Canada Markets closed

‘Enough of the killings.’ New Durham mayor vows to make city safe as she takes office

·3 min read
Robert Willett/

On the night that Mayor Elaine O’Neal officially became Durham’s first Black woman mayor, “no one will be left behind,” she said.

“We all envision a Durham that listens to and cares for every citizen, and we will leave no one behind,” said O’Neal Monday night as she took her oath of office.

At least 100 Durham city staff members and residents filled the council chambers as O’Neal was sworn in alongside city council members DeDreana Freeman, who was re-elected to Ward I; Mark-Anthony Middleton, re-elected to Ward II; and Leonardo Williams, newly elected to Ward III.

“We must make every neighborhood safe,” said O’Neal, a former judge and interim dean of the N.C. Central University Law School. “Parents should not have to worry about their children playing at the neighborhood park. Our elderly residents should not have to live in fear of bullets coming through their home.”

O’Neal replaces Steve Schewel, who exits the city’s political stage after more than 40 years. He leaves behind a successful affordable housing bond to address the city’s rise in gentrification.

But as he steps down, gun violence has taken a record number of lives this year in Durham.

“Our students must be able to go to school and learn in a safe environment,” O’Neal said. “Enough of the guns. Enough of the shootings. Enough of the killings.”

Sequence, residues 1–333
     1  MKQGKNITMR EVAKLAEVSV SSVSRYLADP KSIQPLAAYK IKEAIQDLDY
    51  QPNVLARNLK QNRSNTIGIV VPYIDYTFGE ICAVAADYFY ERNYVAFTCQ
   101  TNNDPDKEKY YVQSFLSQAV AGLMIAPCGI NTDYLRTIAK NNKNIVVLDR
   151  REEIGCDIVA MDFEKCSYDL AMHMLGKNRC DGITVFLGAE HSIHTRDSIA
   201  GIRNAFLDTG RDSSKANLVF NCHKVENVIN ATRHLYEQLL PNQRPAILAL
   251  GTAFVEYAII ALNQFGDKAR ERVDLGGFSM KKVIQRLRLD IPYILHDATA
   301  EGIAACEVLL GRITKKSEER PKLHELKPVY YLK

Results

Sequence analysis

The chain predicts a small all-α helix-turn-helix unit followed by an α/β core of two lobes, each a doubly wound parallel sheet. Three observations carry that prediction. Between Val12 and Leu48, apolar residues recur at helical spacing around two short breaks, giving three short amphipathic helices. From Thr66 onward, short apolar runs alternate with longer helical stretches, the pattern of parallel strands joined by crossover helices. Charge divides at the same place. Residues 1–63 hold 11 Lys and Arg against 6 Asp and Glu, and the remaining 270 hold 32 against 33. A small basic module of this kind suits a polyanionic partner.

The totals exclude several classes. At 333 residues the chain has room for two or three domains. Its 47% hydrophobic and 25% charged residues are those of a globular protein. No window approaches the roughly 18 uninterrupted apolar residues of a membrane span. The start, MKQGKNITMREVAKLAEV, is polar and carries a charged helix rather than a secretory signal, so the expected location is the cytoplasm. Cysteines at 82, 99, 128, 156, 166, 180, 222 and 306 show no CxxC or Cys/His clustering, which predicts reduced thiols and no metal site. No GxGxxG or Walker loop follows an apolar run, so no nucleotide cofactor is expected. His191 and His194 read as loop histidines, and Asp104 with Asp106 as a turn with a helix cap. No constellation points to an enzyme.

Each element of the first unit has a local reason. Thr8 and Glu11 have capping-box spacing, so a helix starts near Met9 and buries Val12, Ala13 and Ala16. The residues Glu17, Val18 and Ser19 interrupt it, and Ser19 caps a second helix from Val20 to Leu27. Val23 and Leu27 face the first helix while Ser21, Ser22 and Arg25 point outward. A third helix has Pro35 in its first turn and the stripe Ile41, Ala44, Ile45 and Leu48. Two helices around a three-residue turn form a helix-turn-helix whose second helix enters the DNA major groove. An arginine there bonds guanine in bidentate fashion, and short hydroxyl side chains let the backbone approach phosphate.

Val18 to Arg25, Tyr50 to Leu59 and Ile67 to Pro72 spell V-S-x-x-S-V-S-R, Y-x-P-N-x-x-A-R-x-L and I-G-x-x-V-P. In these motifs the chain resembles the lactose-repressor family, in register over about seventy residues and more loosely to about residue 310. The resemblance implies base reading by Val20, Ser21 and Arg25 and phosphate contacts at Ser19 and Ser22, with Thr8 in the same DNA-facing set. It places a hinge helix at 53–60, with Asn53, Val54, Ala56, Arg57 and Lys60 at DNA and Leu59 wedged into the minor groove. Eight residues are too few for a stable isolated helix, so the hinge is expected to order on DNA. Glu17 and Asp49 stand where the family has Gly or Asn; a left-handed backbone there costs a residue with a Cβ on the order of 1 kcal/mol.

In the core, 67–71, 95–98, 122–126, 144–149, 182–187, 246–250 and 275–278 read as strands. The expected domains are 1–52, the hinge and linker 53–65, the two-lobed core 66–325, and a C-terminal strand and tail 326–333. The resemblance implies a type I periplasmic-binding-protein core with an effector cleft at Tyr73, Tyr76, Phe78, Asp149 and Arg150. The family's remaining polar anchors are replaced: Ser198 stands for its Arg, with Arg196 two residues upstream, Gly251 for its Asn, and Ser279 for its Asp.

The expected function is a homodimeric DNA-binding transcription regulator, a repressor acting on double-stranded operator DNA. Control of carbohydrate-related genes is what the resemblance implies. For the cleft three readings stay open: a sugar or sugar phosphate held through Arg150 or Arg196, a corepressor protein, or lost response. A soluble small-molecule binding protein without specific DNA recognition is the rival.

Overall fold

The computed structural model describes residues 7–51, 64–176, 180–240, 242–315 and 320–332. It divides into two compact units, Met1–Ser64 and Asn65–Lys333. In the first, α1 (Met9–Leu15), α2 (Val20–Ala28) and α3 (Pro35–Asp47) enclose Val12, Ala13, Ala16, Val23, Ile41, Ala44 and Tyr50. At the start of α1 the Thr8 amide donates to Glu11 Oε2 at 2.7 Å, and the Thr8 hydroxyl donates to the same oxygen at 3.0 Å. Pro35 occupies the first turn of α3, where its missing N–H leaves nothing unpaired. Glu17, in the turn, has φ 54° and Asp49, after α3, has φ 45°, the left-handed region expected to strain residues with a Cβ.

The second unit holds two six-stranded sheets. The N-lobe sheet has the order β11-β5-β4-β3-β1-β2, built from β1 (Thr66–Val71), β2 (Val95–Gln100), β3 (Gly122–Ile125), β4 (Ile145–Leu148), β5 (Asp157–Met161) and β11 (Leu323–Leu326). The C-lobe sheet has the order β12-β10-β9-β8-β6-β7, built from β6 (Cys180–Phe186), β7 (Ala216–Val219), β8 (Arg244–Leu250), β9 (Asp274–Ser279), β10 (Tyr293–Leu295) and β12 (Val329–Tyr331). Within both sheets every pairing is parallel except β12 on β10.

New approach to address violence

All of the new and re-elected council members are partnering with other city leaders and social justice advocates to establish a new sustainable justice movement over the next three to five years under the Hayti Reborn organization.

Former Durham police chief Steve Chalmers, who will serve as the movement’s executive director, has developed a new system to address the needs of the community that he says is fueling the spike in gun violence.

This new program will track Durham youth and young adults and begin offering services like mentoring, therapy and after-school programming. The movement also aims to expunge the records of previous offenders and set them up with jobs with a starting pay of $15 per hour.

O’Neal and others are setting up groups of residents willing to assist in recruiting the youth through Durham’s Partners of Crime (PAC) for the new initiative.

On Saturday, during a meeting for the group, O’Neal collected information from residents who can volunteer a few hours a week. She proposed establishing a 1-800-number for children who need help with any situation with a response expected within 72 hours.

“I am committing my time for these two years and I am asking you to do the same,” O’Neal said.

Lisa Jones, who served as a Federal Bureau of Corrections officer, will oversee the operations of the movement and its expansion. She confirmed that the group has submitted a funding request to the city and county to begin gaining capital to expand the program.

“People want one place where they can come for us to assess their needs. We are currently looking at building spaces downtown to house our operations,” Jones said.

Our goal is to create a safe and engaging place for users to connect over interests and passions. In order to improve our community experience, we are temporarily suspending article commenting